Beyond this I can not see a significant difference between the two formats (Abstract Vs Live Action). I qualify this by noting that the principles (Gestalt, composition, colour and so forth) remain unchanged. They are universal (as any good principle should be) therefore the transferal from one “medium” to another has little effect on how one should approach film making. The use of these psychological techniques can be used to inform, engage and manipulate an audience on any level.
This could be seen as a “cop out”, but I truly believe that if I am able to make a triangle emote through movement alone, then the same should be be possible with more complex shapes and objects. Over hundreds of thousands of years of evolution, humans have learnt to recognise and respond to facial expressions, body language and tone of voice, which give the film maker an advantage over abstract animations in conveying their chosen reception theory to an audience more successfully.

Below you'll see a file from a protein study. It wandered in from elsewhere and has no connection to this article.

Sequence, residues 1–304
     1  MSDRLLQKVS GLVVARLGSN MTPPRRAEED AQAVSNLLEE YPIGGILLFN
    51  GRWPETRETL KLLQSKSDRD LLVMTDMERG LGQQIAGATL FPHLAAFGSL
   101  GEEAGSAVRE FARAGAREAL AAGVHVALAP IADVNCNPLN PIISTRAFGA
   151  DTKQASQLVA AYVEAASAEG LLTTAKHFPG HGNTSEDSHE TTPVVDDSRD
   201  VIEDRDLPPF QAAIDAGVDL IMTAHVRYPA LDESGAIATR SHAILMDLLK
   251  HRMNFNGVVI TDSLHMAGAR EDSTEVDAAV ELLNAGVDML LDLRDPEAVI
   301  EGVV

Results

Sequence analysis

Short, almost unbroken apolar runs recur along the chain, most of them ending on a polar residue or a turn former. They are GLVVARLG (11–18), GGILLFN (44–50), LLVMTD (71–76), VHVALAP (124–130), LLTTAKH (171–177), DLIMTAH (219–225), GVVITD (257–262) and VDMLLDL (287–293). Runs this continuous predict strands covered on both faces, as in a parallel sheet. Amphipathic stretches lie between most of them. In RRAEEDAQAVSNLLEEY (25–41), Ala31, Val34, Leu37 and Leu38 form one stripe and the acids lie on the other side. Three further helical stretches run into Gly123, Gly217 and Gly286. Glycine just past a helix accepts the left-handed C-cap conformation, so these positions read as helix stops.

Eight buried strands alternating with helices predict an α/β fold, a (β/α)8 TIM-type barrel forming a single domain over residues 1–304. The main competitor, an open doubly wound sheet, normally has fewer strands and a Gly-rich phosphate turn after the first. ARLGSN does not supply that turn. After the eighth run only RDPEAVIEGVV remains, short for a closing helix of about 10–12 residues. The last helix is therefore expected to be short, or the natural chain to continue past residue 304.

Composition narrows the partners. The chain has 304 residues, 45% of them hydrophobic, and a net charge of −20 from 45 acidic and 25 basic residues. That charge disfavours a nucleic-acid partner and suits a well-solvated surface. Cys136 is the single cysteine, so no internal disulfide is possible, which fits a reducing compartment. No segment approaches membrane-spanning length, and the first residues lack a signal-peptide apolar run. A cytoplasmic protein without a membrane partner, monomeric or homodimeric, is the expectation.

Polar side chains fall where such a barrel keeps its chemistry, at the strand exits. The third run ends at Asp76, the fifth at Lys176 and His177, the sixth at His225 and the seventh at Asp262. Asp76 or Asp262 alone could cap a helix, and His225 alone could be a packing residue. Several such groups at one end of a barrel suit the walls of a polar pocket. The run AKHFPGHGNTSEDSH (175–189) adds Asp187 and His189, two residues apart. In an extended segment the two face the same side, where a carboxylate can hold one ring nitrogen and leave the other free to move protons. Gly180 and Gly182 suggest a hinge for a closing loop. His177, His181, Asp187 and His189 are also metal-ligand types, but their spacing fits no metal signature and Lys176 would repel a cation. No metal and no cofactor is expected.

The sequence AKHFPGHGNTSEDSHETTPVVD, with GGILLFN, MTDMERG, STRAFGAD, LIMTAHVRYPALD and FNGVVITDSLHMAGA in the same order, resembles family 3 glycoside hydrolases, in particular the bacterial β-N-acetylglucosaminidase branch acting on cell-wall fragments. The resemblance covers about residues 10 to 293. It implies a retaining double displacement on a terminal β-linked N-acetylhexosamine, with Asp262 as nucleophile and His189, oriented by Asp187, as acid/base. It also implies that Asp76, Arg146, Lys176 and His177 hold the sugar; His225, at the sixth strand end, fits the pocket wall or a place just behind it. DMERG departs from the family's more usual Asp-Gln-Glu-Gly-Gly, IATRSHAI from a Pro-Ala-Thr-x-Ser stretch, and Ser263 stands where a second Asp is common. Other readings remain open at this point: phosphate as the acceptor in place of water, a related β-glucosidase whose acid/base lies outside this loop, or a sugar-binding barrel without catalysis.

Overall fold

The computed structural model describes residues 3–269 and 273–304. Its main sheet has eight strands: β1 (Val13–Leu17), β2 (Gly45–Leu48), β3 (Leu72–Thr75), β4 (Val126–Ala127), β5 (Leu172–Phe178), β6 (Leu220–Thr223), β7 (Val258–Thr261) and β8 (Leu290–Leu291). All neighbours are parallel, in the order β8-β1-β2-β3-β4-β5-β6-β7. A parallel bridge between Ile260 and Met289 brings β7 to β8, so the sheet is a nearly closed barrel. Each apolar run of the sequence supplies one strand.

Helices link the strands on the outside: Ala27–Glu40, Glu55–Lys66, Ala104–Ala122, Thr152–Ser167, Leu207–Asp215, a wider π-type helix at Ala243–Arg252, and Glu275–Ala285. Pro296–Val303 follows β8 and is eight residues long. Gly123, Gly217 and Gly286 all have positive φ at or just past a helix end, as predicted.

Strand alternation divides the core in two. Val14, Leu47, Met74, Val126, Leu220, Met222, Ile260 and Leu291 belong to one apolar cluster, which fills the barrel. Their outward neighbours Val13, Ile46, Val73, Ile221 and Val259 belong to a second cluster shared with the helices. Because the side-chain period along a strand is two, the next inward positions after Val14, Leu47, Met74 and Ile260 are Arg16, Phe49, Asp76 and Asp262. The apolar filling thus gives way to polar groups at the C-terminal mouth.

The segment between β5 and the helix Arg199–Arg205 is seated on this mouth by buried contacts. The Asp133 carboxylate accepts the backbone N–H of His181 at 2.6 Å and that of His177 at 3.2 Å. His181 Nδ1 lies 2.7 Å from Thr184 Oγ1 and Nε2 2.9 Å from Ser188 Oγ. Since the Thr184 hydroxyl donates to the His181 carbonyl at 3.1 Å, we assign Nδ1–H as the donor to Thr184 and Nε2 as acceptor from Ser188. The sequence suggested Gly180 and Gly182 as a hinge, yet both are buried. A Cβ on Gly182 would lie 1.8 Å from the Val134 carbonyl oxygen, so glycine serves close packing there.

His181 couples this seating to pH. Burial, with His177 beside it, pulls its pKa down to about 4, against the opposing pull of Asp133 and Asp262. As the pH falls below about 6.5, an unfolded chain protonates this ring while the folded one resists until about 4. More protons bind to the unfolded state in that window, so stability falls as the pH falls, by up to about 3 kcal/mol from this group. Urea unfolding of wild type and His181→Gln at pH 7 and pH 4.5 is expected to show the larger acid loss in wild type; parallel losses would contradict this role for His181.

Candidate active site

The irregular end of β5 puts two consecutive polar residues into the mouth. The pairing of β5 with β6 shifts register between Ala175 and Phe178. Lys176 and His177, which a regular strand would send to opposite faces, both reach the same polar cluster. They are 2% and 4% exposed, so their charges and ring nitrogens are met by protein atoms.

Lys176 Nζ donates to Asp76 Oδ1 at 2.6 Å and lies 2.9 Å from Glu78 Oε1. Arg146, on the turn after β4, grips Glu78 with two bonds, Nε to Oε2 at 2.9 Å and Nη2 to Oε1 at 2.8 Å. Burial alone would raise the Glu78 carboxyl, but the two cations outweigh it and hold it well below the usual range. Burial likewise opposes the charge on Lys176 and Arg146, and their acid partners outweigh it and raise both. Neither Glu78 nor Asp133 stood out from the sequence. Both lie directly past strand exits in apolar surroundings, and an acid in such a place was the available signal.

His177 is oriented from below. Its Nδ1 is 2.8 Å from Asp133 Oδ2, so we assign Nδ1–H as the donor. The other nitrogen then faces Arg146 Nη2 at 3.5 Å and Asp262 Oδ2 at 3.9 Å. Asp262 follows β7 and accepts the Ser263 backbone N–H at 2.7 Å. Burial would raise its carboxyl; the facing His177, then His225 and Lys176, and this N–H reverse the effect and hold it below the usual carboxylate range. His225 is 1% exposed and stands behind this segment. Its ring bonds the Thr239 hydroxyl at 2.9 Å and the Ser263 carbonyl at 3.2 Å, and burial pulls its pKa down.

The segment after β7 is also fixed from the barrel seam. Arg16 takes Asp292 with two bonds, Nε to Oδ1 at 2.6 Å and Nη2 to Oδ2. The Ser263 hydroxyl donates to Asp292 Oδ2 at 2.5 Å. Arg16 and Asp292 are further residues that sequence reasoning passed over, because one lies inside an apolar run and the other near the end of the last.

Unused concept of "90's VR headset headset, black plastic with orange highlight" - Prompt
There is a visual shorthand that has been developed through the language of film and video over the last 150 years, which inherently allows filmmakers to “cut to the cheese” and avoid the maze of obscurity and the murky areas of comprehension. This is not to say that one cannot still introduce confusion with live action content and human characters. The principles remain the same, but new complexities and complications are introduced, such as continuity, which can include techniques such as matching eye lines, implied continuation and direction of movement, blocking, script supervision and many other approaches to clearly define the original intended reception theory of the creator and allow the viewer to easily comprehend narrative and physical action on the screen.